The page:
The long walk down the Dune Climb trail to Lake Michigan has blessed hikers with an added gift this fall. Not just the azure waters at the conclusion of the 2.5-mile hike in the Sleeping Bear Dunes National Lakeshore — but a shipwreck. The historic windstorm two weeks ago probably pushed the wreck up onto the beach, where chairman of Friends of the Sleeping Bear Dunes Kerry Kelly and others have gazed at and photographed the 16 feet by 40 feet remnants of a wooden ship. Follow Kelly’s blog here.
Photographs by Kerry Kelly
“It is huge, and it is heavy, and it is out of the water,” Kelly said. “Those winds must have been blowing out there.” According to Kelly, the wreck now rests about a quarter mile north of where the Dune Trail meets the beach.
Is this one of two ships lost in the Manitou Passage 150 years ago? Here’s what the Traverse City Record-Eagle wrote yesterday about the wreck’s possible DNA:
The most recent shipwreck appears to be a propeller-driven steamer, not a schooner, said Laura Quackenbush, museum technician with Sleeping Bear Dunes National Lakeshore.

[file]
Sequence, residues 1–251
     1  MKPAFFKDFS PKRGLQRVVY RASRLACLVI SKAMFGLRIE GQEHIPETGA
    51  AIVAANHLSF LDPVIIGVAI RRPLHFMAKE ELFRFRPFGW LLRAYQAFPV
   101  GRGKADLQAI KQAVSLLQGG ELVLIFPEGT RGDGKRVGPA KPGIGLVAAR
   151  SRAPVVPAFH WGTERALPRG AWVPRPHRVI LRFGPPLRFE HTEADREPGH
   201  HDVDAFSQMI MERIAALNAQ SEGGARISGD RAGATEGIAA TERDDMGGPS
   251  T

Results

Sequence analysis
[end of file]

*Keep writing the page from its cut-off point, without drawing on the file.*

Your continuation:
The ship piece offers evidence it was constructed to accommodate the weight of a boiler and steam system, Quackenbush said.
She contacted Steve Harold, director of the Manistee County Historical Museum, who said the shipwreck could be that of the St. Nicholas or the General Taylor — both lost during fall months in the mid-19th century.
The St. Nicholas carried wheat when it started to leak and became stranded in Sleeping Bear Bay in November 1857. The General Taylor was stranded in October 1862 near Sleeping Bear Point.
Both ships were wrecked near where the wooden hull washed ashore, said Harold, author of “Shipwrecks of the Sleeping Bear.” Determining its identity will be harder, since wood can float for miles and no name or serial numbers were recovered.